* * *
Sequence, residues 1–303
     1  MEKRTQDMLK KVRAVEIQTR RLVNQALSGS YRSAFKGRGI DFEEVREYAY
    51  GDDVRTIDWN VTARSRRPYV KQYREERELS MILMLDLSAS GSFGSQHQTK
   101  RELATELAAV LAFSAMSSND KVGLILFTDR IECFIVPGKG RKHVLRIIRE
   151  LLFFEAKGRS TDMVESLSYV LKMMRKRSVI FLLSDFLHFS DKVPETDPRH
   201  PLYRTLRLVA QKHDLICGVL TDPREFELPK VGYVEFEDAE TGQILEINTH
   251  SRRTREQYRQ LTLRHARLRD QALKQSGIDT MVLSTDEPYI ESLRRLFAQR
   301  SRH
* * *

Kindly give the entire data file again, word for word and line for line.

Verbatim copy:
Sequence, residues 1–303
     1  MEKRTQDMLK KVRAVEIQTR RLVNQALSGS YRSAFKGRGI DFEEVREYAY
    51  GDDVRTIDWN VTARSRRPYV KQYREERELS MILMLDLSAS GSFGSQHQTK
   101  RELATELAAV LAFSAMSSND KVGLILFTDR IECFIVPGKG RKHVLRIIRE
   151  LLFFEAKGRS TDMVESLSYV LKMMRKRSVI FLLSDFLHFS DKVPETDPRH
   201  PLYRTLRLVA QKHDLICGVL TDPREFELPK VGYVEFEDAE TGQILEINTH
   251  SRRTREQYRQ LTLRHARLRD QALKQSGIDT MVLSTDEPYI ESLRRLFAQR
   301  SRH